A demonstration against racism in Cranbrook, June 4, 2020. (Townsman file)

A demonstration against racism in Cranbrook, June 4, 2020. (Townsman file)

Which Lives Matter?

It seems that "all" doesn't really mean "all" at all.

By Yme Woensdregt

Much too often, in conversations about the Black Lives Matter movement, someone will say piously, “Well really, all lives matter.” And then that person will think they’ve said something profound and spiritually adept.

But they really haven’t. They have only uttered a pious truism which completely misunderstands the purpose, nature, and genesis of the Black Lives Matter movement. A statement like that ends up perpetuating the injustice and indignity which makes the Black Lives Matter movement necessary. A statement like that can only come from a position of white privilege, which is deeply ingrained in many of us.

I’m tired of it. It’s time to set the record straight.

Imagine this scenario: Your son comes home from school with a bloody nose. He has been victimized by a bully at school; he is crying and comes to you for comfort. You clean up the blood, take your son into your arms and whisper softly, “There, there, sweetheart. I’m sorry this happened to you, but honestly, all children are precious.”

What you’ve said is true. But it’s also intensely unhelpful. Your son only wants to know that he is precious to you, that he matters to you.

Or imagine a mom telling her neighbour how really sick her daughter is, and another neighbour interrupts to say, “Well, my daughter matters too!” Of course she does. The first mother wasn’t saying that the second daughter matters less, but she’s not the one who’s sick who needs healing.

When I say “Black Lives Matter”, it doesn’t mean that other lives don’t matter. It simply means that the lives of black people and people of colour are in danger. This movement is pointing out that black people and people of colour are being victimized by a system which is set up to favour white people. They are helping us learn from their experience that “Black Lives Matter” in a world where black people are seen as being more expendable and less valuable than white people. That’s been true for much too long.

Of course all lives matter. Every single human being is of immense worth. But we live in a world where black people and people of colour and indigenous people are treated as if they are worth less than white people. And in the face of that kind of rampant hatred and prejudice and racism, we need to say as clearly as we possibly can, “Black Lives Matter”.

We simply cannot hide behind generalizations about the value of all life. Sometimes you have to get specific and name those who are being victimized by prejudice and persecution, those who are being marginalized. Sometimes you have to speak the uncomfortable truth that there are too many white people who think they can spout ugly racial epithets, or tell people of colour “to go back where they came from”, or treat them with less dignity and respect. We need to say clearly and eloquently and passionately, “Black Lives Matter”.

I will continue to say it unapologetically. I will not accept the response that “All lives matter”. Rather, I will try to help others understand that we cannot hide behind such a pious generalized statement, but that we need to say unambiguously that those who are victimized by racism and hostility are valued.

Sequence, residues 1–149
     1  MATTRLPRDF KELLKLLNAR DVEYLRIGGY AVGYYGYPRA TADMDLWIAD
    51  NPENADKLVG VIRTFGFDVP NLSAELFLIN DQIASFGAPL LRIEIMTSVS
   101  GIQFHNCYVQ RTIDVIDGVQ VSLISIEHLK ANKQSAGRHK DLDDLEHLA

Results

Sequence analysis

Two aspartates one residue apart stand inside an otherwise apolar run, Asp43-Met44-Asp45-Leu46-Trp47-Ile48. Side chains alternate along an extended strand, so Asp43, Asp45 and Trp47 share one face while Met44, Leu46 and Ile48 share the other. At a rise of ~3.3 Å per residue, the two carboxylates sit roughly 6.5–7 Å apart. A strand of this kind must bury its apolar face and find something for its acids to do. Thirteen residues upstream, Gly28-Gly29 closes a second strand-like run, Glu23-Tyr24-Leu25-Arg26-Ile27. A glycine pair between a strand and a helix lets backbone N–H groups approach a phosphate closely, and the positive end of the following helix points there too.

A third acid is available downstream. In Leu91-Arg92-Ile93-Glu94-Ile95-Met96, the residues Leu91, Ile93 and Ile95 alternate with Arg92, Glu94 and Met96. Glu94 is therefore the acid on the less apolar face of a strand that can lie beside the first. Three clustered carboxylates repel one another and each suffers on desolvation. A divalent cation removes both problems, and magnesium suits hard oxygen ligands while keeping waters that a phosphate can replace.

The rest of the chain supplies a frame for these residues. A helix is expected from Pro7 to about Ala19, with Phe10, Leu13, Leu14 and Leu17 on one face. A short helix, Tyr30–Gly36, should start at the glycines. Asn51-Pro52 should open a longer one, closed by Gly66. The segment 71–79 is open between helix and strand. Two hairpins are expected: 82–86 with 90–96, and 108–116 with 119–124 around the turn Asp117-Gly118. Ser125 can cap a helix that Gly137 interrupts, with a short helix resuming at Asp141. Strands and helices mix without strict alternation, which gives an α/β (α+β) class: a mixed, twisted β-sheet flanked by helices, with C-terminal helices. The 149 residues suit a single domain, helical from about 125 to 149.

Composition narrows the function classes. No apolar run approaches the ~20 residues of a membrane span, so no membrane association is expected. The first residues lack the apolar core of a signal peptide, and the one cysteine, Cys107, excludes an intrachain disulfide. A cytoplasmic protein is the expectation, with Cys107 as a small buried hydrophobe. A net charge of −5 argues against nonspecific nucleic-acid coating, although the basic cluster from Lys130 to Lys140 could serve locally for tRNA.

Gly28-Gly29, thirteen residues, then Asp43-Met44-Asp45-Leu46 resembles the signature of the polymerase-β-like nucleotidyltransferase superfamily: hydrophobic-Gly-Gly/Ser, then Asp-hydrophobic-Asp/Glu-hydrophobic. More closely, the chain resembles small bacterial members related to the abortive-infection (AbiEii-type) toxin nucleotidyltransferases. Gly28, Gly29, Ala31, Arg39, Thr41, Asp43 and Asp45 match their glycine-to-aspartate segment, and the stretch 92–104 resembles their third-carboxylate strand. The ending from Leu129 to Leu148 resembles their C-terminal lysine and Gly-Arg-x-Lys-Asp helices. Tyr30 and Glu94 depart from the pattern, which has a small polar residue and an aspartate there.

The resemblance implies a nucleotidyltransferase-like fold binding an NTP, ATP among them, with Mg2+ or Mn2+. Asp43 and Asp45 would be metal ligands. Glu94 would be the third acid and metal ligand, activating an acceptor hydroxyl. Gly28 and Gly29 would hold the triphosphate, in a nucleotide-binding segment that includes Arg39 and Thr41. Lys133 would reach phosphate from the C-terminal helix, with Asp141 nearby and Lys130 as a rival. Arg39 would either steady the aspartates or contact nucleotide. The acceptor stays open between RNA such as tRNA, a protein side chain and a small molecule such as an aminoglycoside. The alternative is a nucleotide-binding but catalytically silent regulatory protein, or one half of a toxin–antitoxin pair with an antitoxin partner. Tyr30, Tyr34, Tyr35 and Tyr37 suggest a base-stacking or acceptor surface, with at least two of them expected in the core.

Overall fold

The sad reality is that racism is growing. Prejudice and hatred are becoming more rampant. When a synagogue is bombed, we need to say that Jewish Lives Matter. When a mosque is defaced, we need to say that Muslim Lives Matter. When black men and women are five times more likely to be stopped by police officers, we need to say Black Lives Matter. When a black man lies on the ground with a police officer’s knee on his neck for 8 minutes and 46 seconds and ends up dead, we need to say Black Lives Matter. When over 30% of the inmates in Canadian prisons are indigenous while they only make up 5% of the population, we need to say Indigenous Lives Matter.

As one protestor explained, “We said ‘Black Lives Matter’; we never said ‘Only Black Lives Matter.’ We know All Lives Matter. We just need your help with Black Lives Matter because black lives are in danger.”

And when black lives are in danger, we can’t say All Lives Matter, because that simple word “all” erases the identity of the particular people who are being victimized.

It’s interesting that the US Declaration of Independence of 1776 states that “all men are created equal”. However, in a compromise to ratify the US Constitution of 1787, it was decided that enslaved blacks would only be counted as three–fifths of a person.

It seems that “all” doesn’t really mean “all” at all.

As a white man, I have never been followed by security in a department store. I have never been stopped by police for driving through a neighborhood in which I didn’t live. I have never been targeted because of the colour of my skin.

People of colour have, almost to a person, had these experiences. Some have been through incidents which were far worse. Study after study has confirmed that in equivalent situations, indigenous people and people of colour are treated with deadly force far more often than white people. Racial bias continues to exist.

I am writing about this today because I learned last week (for the first time in my life) that 186 years ago, on August 1, 1834, the Abolition of Slavery Act became law in Canada. I wish I had known about that sooner.

The Black Lives Matter movement is teaching us about our history and pointing to the possibility of a new future. Racism must be eradicated, and we need to stand against anyone who spouts racial epithets and holds racist beliefs.

Black Lives Matter. Our society is only beginning to learn that truth.

Yme Woensdregt is a retired Anglican Priest living in Cranbrook.

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